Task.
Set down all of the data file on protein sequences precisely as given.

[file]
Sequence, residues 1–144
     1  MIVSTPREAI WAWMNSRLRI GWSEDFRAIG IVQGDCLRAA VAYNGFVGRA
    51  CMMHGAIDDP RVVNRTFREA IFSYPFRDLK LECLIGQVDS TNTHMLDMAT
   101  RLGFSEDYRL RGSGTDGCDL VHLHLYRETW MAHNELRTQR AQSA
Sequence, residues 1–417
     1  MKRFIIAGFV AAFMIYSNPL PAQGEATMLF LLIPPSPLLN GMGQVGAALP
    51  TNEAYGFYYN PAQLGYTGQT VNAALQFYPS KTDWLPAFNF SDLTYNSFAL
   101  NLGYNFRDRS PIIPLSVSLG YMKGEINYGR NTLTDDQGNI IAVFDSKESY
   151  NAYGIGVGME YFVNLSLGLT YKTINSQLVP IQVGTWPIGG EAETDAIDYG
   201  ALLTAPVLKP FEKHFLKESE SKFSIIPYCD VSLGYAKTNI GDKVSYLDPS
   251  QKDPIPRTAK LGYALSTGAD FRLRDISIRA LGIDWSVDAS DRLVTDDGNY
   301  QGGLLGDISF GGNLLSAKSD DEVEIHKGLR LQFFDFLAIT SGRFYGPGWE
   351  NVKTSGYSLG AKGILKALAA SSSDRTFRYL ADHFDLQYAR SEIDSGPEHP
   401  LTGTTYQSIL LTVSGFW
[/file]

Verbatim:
Sequence, residues 1–144
     1  MIVSTPREAI WAWMNSRLRI GWSEDFRAIG IVQGDCLRAA VAYNGFVGRA
    51  CMMHGAIDDP RVVNRTFREA IFSYPFRDLK LECLIGQVDS TNTHMLDMAT
   101  RLGFSEDYRL RGSGTDGCDL VHLHLYRETW MAHNELRTQR AQSA
Sequence, residues 1–417
     1  MKRFIIAGFV AAFMIYSNPL PAQGEATMLF LLIPPSPLLN GMGQVGAALP
    51  TNEAYGFYYN PAQLGYTGQT VNAALQFYPS KTDWLPAFNF SDLTYNSFAL
   101  NLGYNFRDRS PIIPLSVSLG YMKGEINYGR NTLTDDQGNI IAVFDSKESY
   151  NAYGIGVGME YFVNLSLGLT YKTINSQLVP IQVGTWPIGG EAETDAIDYG
   201  ALLTAPVLKP FEKHFLKESE SKFSIIPYCD VSLGYAKTNI GDKVSYLDPS
   251  QKDPIPRTAK LGYALSTGAD FRLRDISIRA LGIDWSVDAS DRLVTDDGNY
   301  QGGLLGDISF GGNLLSAKSD DEVEIHKGLR LQFFDFLAIT SGRFYGPGWE
   351  NVKTSGYSLG AKGILKALAA SSSDRTFRYL ADHFDLQYAR SEIDSGPEHP
   401  LTGTTYQSIL LTVSGFW